• Join over 1.2 million students every month
  • Accelerate your learning by 29%
  • Unlimited access from just £6.99 per month

To What Extent Is “The Millers Tale” by Chaucer a Moral Tale?  Is Chaucer merely trying to amuse us?

Extracts from this document...

Introduction

To What Extent Is "The Millers Tale" by Chaucer a Moral Tale? Is Chaucer merely trying to amuse us? Firstly we the audience have to understand that Chaucer is both the writer of the tale but also a member of the pilgrimage who is relaying the stories told to him on the journey. Pilgrimage was popular at the time, a long journey taken to a Holy place in order to cleanse you from sins. I think The first Step is Admitting your an Alcoholic says: Chaucer may have written them partly to amuse us but also as a way of displaying his critical views of the church at the time. The Miller, a bawdy man, tells the Millers Tale and is apparently drunk at the time. ...read more.

Middle

It is meant to be a joke and if he "misspeke or seye" anything bad, they should blame it on the Southwerk ale. This could be a clear indication to us that Chaucer intends himself for this tale to be a joke and wishes to amuse us. The reason it could be considered a moral tale is because some of its characters pay for their actions later in the play. The main characters are John the carpenter, his wife Alison and Nicholas an oxford scholar who is staying in John's home. John is quite an old man and has been criticised for marrying a young beautiful woman who he t There is no real moral dilemma in this itself because it is considered socially acceptable for a man to marry a younger woman but it does cause problems later. ...read more.

Conclusion

This adds to the comical value of the play for the audience when he used his hands to grab at Alison. This is where we can again look at whether the miller's tale is a moral one. Another man interested in Alison is Absalon. He comes to her window one night when she and Nicholas are in bed together, trying to court her. He a more chivalrous approach in love calling her "faire brid, my sweet cinamone" then bends to his knees to beg for a kiss. Cruelly Alison sticks her bottom out of the window and Absalon "with his mouth he kiste her naked ers." This act of cruelty from Alison does not get punished during the play and is a clear argument against it being a moral tale. However another way it can be seen as is Absalon's scourge for chasing a married woman. ...read more.

The above preview is unformatted text

This student written piece of work is one of many that can be found in our GCSE Geoffrey Chaucer section.

Found what you're looking for?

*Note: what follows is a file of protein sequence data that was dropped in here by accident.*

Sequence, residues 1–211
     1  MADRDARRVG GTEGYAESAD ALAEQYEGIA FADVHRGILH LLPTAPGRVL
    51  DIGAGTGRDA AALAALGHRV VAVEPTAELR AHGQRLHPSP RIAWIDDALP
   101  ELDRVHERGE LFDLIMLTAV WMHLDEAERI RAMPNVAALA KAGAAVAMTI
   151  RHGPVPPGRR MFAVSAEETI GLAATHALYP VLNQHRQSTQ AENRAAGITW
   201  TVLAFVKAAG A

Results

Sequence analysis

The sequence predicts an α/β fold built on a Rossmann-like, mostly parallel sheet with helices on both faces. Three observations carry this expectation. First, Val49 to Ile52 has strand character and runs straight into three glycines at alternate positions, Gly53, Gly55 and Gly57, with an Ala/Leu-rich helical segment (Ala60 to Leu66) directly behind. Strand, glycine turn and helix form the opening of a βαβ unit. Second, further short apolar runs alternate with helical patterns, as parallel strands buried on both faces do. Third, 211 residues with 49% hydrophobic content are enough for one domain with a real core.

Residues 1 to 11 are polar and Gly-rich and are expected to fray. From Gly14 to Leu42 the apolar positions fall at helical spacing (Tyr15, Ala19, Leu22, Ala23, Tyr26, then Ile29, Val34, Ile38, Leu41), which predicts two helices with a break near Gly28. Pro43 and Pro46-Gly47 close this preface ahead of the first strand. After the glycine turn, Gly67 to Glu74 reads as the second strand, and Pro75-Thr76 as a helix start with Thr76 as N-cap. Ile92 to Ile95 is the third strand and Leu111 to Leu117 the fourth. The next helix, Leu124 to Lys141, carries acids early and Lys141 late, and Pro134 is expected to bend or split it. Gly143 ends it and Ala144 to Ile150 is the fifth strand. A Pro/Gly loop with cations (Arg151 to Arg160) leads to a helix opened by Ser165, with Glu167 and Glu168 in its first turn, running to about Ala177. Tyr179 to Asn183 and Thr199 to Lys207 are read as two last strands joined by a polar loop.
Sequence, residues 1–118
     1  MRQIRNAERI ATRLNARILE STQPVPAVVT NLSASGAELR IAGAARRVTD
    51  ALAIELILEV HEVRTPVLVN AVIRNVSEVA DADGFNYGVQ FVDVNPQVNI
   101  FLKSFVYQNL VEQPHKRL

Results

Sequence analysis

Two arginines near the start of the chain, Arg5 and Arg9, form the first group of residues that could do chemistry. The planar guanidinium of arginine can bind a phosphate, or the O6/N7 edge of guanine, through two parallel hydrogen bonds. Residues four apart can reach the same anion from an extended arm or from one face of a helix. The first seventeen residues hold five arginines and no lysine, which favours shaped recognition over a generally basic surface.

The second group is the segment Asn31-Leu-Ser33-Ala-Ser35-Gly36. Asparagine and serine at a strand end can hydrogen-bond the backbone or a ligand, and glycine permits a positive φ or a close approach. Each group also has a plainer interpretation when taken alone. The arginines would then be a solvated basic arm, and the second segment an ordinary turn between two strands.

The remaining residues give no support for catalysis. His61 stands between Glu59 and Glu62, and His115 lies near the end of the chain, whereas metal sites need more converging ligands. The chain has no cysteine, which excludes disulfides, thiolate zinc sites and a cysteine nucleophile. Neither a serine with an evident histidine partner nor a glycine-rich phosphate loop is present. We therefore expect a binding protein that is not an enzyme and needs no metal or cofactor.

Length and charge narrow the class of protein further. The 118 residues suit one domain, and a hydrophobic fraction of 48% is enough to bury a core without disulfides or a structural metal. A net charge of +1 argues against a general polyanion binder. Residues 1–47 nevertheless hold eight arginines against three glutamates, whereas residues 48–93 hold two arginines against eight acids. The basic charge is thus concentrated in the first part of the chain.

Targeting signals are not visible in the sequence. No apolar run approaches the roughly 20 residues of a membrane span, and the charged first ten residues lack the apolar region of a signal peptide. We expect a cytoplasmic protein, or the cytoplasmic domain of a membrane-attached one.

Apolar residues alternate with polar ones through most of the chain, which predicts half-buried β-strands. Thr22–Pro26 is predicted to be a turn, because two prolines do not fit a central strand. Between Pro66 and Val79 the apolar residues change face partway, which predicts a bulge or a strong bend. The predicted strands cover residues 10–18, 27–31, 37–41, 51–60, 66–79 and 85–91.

• Start learning 29% faster today
  • 150,000+ documents available
  • Just £6.99 a month

Not the one? Search for your essay title...
  • Join over 1.2 million students every month
  • Accelerate your learning by 29%
  • Unlimited access from just £6.99 per month

See related essaysSee related essays

Related GCSE Geoffrey Chaucer essays

  1. The Merchant's Tale -summary

    The Merchant appears to be "selling" his tale without being able to endorse it himself. An example of the Merchant's reticence occurs during the pear-tree episode with May and Damyan in his refusal to elaborate on its outcome. Just as May had an insatiable lust for a pear, the audience

  2. The Role of Women in the Miller's and Merchant's Tale.

    The idea of tricking her husband is a game for her. With impish delight she conspires with Nicholas the outlandish plot of convincing her husband that a great flood is coming. With her husband safety ensconced in a bathtub hanging from the roof, Alison plays with Nicholas.

  1. 'The Miller's Tale' - Geoffrey Chaucer - Character Analysis - Nicholas

    Though taking his astrological study seriously, Nicholas is displayed as otherwise cynical, dishonest, unprincipled and blasphemous and it is his dishonourable intentions towards Alison that clearly displays this. As a scholar of the university, he's required to be celibate, but Nicholas has no qualms about cuckolding his landlord, who he regards as a fool.

  2. How Is The Character Of Nicholas Presented In 'The Miller's Tale'

    Also, the 'privetee' involved here is not very godly; Nicholas is simply making his story elaborate and pious to limit John's questioning of the absurd story. Nicholas also appeals to John's cupidity in his lines 473/4 by suggesting that they will posses and rule the whole world.

  1. The Characters in the Millers Tale

    Like Nicholas he is lusting after Alison. Not only was that a sin because Alison is married, but also because lust in general is one of the deadly sins. Furthermore, he works for the church, which means that his moral level should be high and he is supposed to be

  2. It is impossible to feel either sympathy or admiration for any of the characters ...

    John himself has "fallen in the snare" by marrying her since "youthe and elde is often at debaat". When John speculates on Nicholas's disappearance, the joke sustained within the passage is of John's warning about how prying into the future and seeking to understand the secrets of God will lead

  1. 'The Miller's Tale' - Geoffrey Chaucer - Character Analysis - Alison

    Among the many other physical details packed into Alison's physical description, her mouth was described as being "as sweet as bragot...or hoord of apples leyd in hey," creating an image of sensuality, and later, the reader also learns of how she was also "long as a mast" and "upright as a bolt."

  2. Consider the ways in which the Miller presents John the Carpenter in The Miller's ...

    This is shown, when after finding out about the flood, his main concern is for the safety of his wife; "Alas, my wif!

  • Over 160,000 pieces
    of student written work
  • Annotated by
    experienced teachers
  • Ideas and feedback to
    improve your own work